Trump is blatantly corrupt
Even if Joe Biden turns out to be irredeemably corrupt — and I am skeptical that would be the case — he is no match for President Trump's epic underhandedness.
The president and his allies have spent the last few weeks flogging the notion that Biden is a crime lord masquerading as a politician, accusing the former vice president and his son, Hunter, of sketchy deals involving an array of foreign countries. These accusations haven't gained much traction — perhaps because they are of questionable providence: The New York Post reporters who wrote up a "bombshell" report on Hunter Biden refused to have their bylines appear with the story, a sign they weren't confident in it. And NBC reported on Thursday that a document containing allegations against Hunter was disseminated to a conservative activists by a man who doesn't even exist.
So it is difficult to take these allegations seriously. But say, only for the sake of argument, they end up being true. Does that mean anti-corruption voters should turn to Donald Trump as their savior? Of course not.
- On Thursday, The New York Times reported the Trump administration had soft-peddled its prosecution of a Turkish bank accused of breaking U.S. sanctions law by funneling money to Iran — a scheme Justice Department lawyers believed was helping fund Iran's nuclear weapons program. But Trump has received millions of dollars of income from businesses in Turkey, leading officials to believe the president was looking out for his own best interest, instead of American interests. "He would interfere in the regular government process to do something for a foreign leader," John Bolton, Trump's former national security adviser, told the Times. "In anticipation of what? In anticipation of another favor from that person down the road."
- Before that, on Tuesday, The Washington Post reported that Trump's businesses have taken in at least $2.5 million from U.S. taxpayers — mostly for the privilege of letting the president hang out and do business on his own property. Expenses ranged from $1,000 worth of liquor for White House aides to $3 for the water Trump drank when meeting with the Japanese prime minister. That money is in addition to another $5.6 million Trump's campaign and fundraising committee paid to his businesses to support the boss' effort to stay in office, the Post reported, "turning campaign donations into private revenue." That isn't illegal. But it doesn't look good, either. "It's extremely unusual," one election law expert said.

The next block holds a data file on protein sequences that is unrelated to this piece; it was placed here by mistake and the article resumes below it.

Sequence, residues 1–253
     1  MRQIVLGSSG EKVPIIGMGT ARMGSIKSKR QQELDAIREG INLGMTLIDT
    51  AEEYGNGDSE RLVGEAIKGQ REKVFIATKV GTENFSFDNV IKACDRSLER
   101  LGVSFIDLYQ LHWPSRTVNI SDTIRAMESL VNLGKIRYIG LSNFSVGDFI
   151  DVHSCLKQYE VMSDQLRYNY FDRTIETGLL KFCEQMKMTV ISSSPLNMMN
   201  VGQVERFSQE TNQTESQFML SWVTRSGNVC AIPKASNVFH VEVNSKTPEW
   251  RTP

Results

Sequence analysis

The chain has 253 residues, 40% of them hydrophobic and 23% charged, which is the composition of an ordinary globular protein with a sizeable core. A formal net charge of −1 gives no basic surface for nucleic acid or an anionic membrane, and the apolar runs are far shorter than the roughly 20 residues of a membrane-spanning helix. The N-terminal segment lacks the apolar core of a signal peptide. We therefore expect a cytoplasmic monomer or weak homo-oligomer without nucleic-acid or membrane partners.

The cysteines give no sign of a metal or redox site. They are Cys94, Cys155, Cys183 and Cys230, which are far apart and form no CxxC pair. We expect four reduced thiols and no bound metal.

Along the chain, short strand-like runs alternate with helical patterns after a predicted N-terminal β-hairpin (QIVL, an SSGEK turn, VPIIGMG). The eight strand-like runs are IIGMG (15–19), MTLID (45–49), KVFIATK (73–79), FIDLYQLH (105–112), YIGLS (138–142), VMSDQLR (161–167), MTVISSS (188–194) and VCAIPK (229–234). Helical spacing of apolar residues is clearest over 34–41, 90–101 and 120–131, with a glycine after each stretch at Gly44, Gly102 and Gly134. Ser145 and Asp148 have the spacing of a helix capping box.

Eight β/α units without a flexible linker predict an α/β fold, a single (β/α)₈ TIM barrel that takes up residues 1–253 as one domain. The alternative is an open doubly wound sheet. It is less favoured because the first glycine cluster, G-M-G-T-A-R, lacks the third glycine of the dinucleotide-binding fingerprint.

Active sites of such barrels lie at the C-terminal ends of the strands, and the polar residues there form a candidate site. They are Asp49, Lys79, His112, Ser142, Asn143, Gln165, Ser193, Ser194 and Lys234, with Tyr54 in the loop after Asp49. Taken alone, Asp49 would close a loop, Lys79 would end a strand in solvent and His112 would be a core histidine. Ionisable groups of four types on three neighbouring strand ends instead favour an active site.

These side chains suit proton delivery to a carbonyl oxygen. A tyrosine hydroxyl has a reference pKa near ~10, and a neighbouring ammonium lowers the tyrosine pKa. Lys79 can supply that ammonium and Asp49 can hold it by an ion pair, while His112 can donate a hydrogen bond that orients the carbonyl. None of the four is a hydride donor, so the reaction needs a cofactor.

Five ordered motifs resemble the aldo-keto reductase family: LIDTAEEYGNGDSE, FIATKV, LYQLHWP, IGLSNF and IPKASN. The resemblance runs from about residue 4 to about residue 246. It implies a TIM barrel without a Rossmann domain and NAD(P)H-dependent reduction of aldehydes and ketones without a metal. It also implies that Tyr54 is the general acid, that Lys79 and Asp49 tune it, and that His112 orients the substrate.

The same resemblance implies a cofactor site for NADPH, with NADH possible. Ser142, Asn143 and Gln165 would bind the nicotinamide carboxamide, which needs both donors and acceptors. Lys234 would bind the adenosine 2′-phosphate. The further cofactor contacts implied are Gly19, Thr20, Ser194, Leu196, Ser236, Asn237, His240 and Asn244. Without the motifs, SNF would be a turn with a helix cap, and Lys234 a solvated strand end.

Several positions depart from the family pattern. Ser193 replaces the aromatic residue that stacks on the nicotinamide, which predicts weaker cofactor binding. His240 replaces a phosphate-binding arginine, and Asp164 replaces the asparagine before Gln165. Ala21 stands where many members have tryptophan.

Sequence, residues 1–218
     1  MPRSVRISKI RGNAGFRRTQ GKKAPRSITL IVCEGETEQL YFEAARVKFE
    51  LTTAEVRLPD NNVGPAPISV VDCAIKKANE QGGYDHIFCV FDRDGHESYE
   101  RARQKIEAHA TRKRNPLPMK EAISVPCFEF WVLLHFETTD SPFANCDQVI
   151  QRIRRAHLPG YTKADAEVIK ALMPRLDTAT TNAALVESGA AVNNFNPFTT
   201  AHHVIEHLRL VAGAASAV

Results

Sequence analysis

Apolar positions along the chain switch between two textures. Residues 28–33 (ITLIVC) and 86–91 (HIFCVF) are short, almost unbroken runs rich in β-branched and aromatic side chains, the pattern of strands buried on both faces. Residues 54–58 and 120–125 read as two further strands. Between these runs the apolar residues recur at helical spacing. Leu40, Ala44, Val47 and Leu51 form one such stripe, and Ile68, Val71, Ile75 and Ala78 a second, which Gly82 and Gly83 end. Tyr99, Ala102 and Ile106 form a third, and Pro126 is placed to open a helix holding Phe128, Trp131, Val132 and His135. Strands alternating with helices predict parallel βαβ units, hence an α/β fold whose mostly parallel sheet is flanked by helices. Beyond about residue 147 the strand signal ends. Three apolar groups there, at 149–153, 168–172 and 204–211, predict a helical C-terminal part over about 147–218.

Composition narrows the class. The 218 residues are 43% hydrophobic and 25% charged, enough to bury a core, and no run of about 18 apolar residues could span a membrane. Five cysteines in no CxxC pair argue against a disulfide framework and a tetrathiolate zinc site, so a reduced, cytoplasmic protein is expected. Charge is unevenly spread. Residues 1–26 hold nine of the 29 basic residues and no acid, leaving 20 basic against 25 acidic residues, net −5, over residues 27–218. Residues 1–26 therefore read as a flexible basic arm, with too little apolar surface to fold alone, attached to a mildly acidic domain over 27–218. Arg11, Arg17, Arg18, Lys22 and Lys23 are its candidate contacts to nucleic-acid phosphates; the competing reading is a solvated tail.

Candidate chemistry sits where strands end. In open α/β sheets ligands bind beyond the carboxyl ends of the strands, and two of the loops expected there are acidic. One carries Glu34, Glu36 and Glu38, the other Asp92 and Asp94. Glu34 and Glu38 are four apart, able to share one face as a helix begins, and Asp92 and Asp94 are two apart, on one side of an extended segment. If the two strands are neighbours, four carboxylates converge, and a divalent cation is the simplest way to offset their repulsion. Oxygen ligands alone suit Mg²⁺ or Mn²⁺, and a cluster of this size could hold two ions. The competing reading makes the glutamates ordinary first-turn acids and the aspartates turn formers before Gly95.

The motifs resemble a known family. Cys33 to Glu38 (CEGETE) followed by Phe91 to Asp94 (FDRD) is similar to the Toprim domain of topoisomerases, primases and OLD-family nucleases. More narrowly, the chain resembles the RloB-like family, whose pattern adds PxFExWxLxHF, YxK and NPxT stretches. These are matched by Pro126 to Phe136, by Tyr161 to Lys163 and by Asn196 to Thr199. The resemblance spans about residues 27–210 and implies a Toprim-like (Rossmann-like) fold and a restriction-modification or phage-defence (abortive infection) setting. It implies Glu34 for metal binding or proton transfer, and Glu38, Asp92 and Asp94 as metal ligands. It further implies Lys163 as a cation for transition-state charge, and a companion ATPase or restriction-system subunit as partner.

These latest stories add to what we already know about how Trump has used his authority to pressure Ukraine into undermining Biden's candidacy, to help his friends evade punishment for breaking the law, and to push for the investigation of his enemies. Reports have also indicated that foreign governments used Trump's businesses — and the businesses of his children — to curry favor with the president. Presidents aren't supposed to abuse their power or benefit financially from holding office. Trump has done both.
There is a danger of cynicism in this discussion. A friend once told me he didn't mind Trump's corruption so much because he figured all politicians are dishonest and self-dealing. It is likely that the president and his allies throw mud at Biden simply to further that impression. We should expect better from our leaders, of course.
So Joe Biden and his family should not be held beyond scrutiny, by the media or voters. And if Biden is elected and then abuses his authority and office to benefit personally and politically, then he should be impeached. Two wrongs don't make a right, after all.
But when everything is going to hell, in a country afflicted with both pandemic and polarization, it is best to prioritize taking care of the big problems first, then addressing the smaller challenges. What is (implausibly) alleged against Biden doesn't much compare to all the evidence we have against Trump. If government corruption is your issue, voting for the former vice president seems a better bet.
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